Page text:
Argentinean composer Pablo Ortiz belongs to the generation of composers who were trained in 1970s and early '80s, a time when the tenets of serialism were sacrosanct in American conservatories and music schools. Ortiz, who received his doctorate at Columbia under Mario Davidovsky, would have been inculcated with the doctrine of serialism as the pinnacle (and, in fact, the only respectable expression) of "serious" music. Like the most successful composers of that generation, Ortiz abandoned serialism, but has taken from his training a rigorous attention to compositional detail, which, in the service of an original and fertile musical imagination, produces works that are both intellectually stimulating and aurally attractive.
Ortiz's grounding in the popular music of Argentina, particularly its rhythmic energy, is always apparent, sometimes with subtlety and sometimes with great flair. His compositional voice is most distinct in the large works that open and close this CD. Oscuro, for mixed voices and chamber ensemble, is created around a fascinating premise. He sets two poems by Mexican poets, Francisco Alaraeon and Amado Nervo, first in Spanish and then in English translation, with brief instrumental interludes interspersed in the set. Ortiz cites Gesualdo as an influence, and it's easy to hear the choral sections, particularly the Spanish settings, as madrigals, with the eccentricity of Gesualdo's chromaticism here intensified to produce rich, dense, chocolatey sonorities. They never feel heavy, though, because Ortiz surrounds them with a delicate, skittering instrumental filigree. The English settings -- leaner, less melismatic and more contrapuntal -- provide a textural contrast and allow for easier understanding of the words while maintaining a high level of harmonic inventiveness. Chanticleer, conducted by David Milnes, performs with the precision, effortless-sounding virtuosity, and warm blend for which it is acclaimed. The San Francisco Contemporary Music Players provide the lively and quirky instrumental accompaniment.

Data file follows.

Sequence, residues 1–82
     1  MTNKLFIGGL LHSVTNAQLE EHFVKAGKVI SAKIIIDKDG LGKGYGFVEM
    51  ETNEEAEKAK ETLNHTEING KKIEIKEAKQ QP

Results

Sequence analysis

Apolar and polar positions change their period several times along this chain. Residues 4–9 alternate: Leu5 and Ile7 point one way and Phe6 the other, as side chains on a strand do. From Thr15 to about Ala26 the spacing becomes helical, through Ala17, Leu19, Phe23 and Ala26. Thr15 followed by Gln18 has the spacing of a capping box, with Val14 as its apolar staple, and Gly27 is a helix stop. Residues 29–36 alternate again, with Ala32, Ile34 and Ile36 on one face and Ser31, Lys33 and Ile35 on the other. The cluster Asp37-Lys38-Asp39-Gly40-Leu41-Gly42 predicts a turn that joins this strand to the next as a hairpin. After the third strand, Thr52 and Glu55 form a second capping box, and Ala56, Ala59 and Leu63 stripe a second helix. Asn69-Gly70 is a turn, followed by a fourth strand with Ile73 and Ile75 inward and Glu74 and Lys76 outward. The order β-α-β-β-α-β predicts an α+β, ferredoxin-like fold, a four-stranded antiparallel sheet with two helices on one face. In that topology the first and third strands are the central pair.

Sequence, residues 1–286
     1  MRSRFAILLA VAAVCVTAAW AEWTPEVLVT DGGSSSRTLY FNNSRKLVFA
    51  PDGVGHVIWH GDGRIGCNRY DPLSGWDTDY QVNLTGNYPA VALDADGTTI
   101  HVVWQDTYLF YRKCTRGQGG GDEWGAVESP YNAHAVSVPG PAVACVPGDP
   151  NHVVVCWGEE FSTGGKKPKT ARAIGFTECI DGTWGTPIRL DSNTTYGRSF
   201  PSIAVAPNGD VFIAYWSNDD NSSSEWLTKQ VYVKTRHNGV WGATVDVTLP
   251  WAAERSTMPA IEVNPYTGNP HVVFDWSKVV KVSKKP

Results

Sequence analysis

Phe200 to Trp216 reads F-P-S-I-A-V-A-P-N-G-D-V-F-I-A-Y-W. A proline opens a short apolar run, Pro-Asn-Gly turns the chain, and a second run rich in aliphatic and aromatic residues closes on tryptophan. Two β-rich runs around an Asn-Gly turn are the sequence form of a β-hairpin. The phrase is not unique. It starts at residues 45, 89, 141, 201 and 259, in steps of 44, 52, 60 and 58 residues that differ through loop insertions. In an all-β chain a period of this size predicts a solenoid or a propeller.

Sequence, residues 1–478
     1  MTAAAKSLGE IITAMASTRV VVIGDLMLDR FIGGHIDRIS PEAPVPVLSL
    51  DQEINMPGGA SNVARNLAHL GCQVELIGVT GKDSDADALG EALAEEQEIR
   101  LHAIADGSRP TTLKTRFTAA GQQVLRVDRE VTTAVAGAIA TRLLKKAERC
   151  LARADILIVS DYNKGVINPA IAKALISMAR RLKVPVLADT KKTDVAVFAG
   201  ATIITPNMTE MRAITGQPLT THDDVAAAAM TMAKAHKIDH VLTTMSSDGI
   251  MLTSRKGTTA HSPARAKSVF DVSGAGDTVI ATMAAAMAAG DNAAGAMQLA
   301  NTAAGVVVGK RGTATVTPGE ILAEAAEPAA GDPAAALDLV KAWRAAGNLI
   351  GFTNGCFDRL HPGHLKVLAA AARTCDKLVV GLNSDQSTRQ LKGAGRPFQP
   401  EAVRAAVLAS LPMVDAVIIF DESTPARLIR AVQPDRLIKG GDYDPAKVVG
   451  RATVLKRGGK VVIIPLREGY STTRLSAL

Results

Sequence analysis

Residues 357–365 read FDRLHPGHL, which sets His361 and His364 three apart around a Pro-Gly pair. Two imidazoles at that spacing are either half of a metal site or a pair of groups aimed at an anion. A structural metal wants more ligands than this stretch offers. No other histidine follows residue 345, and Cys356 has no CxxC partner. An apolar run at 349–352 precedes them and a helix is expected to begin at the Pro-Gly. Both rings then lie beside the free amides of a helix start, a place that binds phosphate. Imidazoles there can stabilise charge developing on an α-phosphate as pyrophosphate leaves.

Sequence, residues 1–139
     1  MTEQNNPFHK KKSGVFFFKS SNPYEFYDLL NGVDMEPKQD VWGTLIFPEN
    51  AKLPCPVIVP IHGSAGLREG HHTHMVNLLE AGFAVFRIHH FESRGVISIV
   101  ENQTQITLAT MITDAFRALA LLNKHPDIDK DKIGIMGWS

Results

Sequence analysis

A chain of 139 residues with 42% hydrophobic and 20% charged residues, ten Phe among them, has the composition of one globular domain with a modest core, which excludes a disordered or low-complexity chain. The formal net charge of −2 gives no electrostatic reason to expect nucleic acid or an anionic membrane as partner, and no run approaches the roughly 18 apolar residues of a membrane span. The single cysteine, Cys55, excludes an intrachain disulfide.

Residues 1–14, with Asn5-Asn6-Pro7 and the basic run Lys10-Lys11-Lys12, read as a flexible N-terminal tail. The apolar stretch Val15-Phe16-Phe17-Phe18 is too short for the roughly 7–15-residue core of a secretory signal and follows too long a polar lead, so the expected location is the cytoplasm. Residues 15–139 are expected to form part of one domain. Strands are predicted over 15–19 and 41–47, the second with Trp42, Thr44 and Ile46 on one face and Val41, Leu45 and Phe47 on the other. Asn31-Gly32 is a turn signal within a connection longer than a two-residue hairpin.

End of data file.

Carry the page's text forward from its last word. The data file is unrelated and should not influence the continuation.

Concierto Rastrojero, for marimba and solos strings, echoes the instrumental writing of Oscuro. In the first and third movements, its high energy and the clarity and brightness of the orchestration occasionally recall Andriessen's rhythmically charged scores, but with a Latin sensibility. In the second movement, Ortiz uses rolls on the lowest notes of the marimba, accompanied by sustained strings to create a startlingly unique and sepulchral sound -- this is genuinely spooky music. Here again the San Francisco Contemporary Music Players prove to be not only fine performers, but also skilled entertainers.